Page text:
How to Plant & Grow


After an exotic plant that adds privacy to the garden? Or perhaps a plant that needs very minimal maintenance? Bamboo plants are the perfect choice for you if these are traits you’re looking for in a shrub.   

They’re easy to plant, too, which is perfect for gardeners at any skill level.   

What We've Included

When to Plant  |  How to Plant  |  Where to Plant  |  When to Water  |  How to Prevent Bamboo Spreading  |  Feeding Bamboo  |  Overwintering  |  Propagating  |  When does it Flower?

When to Plant

Bamboo is best planted in spring. This allows the plant to establish a solid root system before summer. However, they can be planted at any time of the year if the ground is frost free.  

How to Plant

Planting Pot-Grown Plants & Modules    
Our pot-grown plants are incredibly easy to plant and grow. Whether you’re growing them directly outside into the border or in a container, our pot-grown plants are a breeze from the moment they arrive.     
- Dig a hole in the border that’s big enough to house the root system. If planting in pots, fill a large pot halfway with potting soil and then make a well in the middle. Do this until the top of the soil from the plant is just below the top of the pot.     
- Wedge in the plant by adding soil to the gaps in the hole, firming down the surface to ensure it’s in place.     
- Water well and you’re done!     
Planting Rhizomes  
  Rhizomes are dormant ‘underground stems’. Don’t worry, they are just as easy to grow as our modules!  
- Make a hole in your desired spot that is roughly double the size of the rhizome.   
- Ensure the rhizome is slightly lower than it was in its container.   
- Backfill the hole with compost and soil, firming it into place.   
- Water well and add mulch to the surface of the soil to help it hold moisture.  

Where to Plant

Bamboo will tolerate most soil types. All they ask is that the soil is moist and well-drained. Ensure the soil is neither waterlogged nor dry.  

When to Water

Newly planted and established bamboo grown in the ground will need to be watered regularly through periods of drought. Bamboo grown in containers will need regular watering, as its water will drain faster than it would in the ground. Water them regularly through their growing season.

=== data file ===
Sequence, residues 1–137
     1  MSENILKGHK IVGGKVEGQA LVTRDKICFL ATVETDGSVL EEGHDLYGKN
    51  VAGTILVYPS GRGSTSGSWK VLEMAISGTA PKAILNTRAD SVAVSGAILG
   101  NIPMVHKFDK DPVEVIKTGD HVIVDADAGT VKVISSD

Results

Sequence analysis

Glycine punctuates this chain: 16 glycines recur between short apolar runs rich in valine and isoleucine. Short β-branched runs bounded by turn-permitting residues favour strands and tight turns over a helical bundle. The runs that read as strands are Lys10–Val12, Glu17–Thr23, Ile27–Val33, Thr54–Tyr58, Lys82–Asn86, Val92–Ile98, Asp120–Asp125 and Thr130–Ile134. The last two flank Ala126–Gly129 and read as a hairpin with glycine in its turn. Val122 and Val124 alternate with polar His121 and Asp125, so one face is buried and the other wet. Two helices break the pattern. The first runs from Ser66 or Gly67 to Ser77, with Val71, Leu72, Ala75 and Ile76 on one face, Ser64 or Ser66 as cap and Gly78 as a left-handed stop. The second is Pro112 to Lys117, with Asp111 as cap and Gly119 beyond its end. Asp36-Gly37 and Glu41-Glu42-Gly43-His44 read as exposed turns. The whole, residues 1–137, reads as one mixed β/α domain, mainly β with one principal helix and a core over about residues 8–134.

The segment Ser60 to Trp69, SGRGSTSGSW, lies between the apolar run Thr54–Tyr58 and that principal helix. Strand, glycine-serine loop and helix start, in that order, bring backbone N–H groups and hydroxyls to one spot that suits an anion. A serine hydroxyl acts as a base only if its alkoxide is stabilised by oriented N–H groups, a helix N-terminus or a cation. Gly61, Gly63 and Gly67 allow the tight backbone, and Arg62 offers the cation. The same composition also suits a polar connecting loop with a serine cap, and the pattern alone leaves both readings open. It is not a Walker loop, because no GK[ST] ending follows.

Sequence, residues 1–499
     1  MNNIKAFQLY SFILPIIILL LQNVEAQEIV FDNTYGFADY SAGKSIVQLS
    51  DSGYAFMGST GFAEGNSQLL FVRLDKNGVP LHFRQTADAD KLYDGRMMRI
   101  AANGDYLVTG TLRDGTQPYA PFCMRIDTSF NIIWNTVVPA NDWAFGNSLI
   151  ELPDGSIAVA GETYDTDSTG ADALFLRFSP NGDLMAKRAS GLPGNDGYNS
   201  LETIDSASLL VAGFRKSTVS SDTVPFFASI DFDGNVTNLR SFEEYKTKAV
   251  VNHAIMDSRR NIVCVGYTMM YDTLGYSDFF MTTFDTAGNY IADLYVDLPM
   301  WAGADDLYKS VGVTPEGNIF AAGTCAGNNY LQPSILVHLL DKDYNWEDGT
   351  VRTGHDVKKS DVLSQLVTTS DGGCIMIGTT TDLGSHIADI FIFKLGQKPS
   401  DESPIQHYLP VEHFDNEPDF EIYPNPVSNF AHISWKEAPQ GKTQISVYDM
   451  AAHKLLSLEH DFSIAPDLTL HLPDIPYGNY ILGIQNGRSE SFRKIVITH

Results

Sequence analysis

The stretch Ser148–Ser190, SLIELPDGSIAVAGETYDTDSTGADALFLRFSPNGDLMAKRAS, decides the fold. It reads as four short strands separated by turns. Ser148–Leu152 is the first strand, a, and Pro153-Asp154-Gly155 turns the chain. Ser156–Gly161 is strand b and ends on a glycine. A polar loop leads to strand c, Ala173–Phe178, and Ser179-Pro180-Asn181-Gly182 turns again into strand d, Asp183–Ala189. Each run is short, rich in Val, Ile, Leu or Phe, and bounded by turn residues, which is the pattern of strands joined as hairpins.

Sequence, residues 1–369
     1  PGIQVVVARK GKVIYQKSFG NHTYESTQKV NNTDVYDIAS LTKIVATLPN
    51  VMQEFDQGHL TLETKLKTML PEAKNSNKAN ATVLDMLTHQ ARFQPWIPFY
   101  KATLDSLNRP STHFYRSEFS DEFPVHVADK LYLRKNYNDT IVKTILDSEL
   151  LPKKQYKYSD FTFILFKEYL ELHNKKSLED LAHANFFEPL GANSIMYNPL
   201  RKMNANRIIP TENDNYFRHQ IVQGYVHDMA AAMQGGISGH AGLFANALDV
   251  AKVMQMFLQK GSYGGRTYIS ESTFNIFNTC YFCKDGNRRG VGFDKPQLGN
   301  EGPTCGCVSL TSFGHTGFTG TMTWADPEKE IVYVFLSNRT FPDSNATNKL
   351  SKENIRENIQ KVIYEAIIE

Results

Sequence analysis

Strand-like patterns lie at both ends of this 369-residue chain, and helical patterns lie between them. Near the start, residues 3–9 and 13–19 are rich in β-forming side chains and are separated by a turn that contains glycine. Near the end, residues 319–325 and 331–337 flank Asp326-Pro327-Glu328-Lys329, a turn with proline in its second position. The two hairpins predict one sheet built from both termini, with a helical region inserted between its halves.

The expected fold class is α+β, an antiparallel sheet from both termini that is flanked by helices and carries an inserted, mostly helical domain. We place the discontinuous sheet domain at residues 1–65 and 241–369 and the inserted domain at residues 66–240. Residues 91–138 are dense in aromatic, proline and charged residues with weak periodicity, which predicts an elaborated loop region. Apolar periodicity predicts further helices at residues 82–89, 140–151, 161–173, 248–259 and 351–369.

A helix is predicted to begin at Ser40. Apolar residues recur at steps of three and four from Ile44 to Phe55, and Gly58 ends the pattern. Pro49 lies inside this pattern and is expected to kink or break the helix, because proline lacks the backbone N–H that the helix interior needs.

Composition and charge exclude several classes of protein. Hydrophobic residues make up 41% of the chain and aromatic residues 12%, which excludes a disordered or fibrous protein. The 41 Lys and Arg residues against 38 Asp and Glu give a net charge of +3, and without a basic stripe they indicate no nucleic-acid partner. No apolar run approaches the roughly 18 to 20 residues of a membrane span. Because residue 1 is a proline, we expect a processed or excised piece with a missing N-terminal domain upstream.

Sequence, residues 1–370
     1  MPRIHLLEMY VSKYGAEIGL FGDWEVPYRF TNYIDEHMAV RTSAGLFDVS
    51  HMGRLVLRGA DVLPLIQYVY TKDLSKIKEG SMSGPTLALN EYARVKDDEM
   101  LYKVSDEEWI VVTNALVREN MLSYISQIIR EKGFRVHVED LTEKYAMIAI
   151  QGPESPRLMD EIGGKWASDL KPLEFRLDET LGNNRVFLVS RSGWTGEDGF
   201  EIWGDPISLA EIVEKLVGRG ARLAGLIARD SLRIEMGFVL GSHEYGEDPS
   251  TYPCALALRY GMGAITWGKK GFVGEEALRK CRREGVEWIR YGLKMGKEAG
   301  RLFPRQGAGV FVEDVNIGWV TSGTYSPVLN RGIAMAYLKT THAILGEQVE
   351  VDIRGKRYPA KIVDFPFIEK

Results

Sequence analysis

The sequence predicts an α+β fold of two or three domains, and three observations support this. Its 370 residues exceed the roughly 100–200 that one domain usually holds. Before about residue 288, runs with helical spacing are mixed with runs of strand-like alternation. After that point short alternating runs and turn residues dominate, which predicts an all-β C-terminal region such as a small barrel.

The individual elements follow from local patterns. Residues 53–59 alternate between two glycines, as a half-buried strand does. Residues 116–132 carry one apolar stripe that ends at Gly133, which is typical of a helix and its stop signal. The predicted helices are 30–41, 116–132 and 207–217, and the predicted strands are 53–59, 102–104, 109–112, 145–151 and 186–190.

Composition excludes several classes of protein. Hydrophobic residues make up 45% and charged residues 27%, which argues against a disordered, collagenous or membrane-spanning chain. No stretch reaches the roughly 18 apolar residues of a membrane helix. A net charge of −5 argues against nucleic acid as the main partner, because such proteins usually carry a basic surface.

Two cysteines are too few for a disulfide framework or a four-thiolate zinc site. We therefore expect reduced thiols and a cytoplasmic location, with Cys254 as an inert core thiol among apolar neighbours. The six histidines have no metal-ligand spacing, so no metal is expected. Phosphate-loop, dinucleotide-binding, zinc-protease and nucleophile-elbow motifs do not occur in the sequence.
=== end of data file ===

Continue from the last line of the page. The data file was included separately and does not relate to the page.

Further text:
How to Prevent Bamboo from Spreading  

Bamboo, although lovely, is quite invasive and prone to spreading. To mitigate this, you can put down paving slabs around the plants. Ensure there are no gaps, and that the slabs are roughly 7-8cm above the soil to stop the bamboo from going over the top of the slabs.  

Feeding Bamboo

Feed your bamboo regularly with a general liquid feed throughout its growing months. This is especially important for varieties grown in containers, as they won’t have access to the same nutrients their counterparts in the ground would.  


Many bamboo varieties are hardy, so won’t need protection or extra care over winter. However, bamboo in containers may need a bit more attention. Move the containers to somewhere sheltered from the wind. Insulate the containers with bubble wrap or thick layers of horticultural fleece to protect the roots from freezing.  

Propagating Bamboo   

Bamboo plants can be propagated by division or via rhizome cuttings.   
By Division  
   Lift bamboo plants in spring, splitting clumps with a small axe or saw. Replant them elsewhere to give the older plant space.   
By Rhizome Cuttings  
   Again, this can be done in spring. Choose a cane on the outside of the plant and follow it down to the rhizome under the soil. Cut the cane away from the rhizome and keep it in a deep tray full of compost.   
Cut the cane down, roughly 30cm tall, at a slight angle. Water the tray and then keep the cutting in a plastic bag to help it retain humidity. Keep it somewhere warm inside, and plant it back out in spring once the risk of frost has passed.  

When Does Bamboo Flower?

Bamboo can grow flowers, usually in summer. These are quite tufty, and unfortunately, these flowers can stop the bamboo from giving energy to the leaves. However, it is a myth that bamboo plants that flower mean they will die shortly after.   
If your bamboo does produce flowers, cut them off as you see them, or leave them as they are until spring. Cut the whole plant back to the ground and give it a high-nitrogen fertiliser.   

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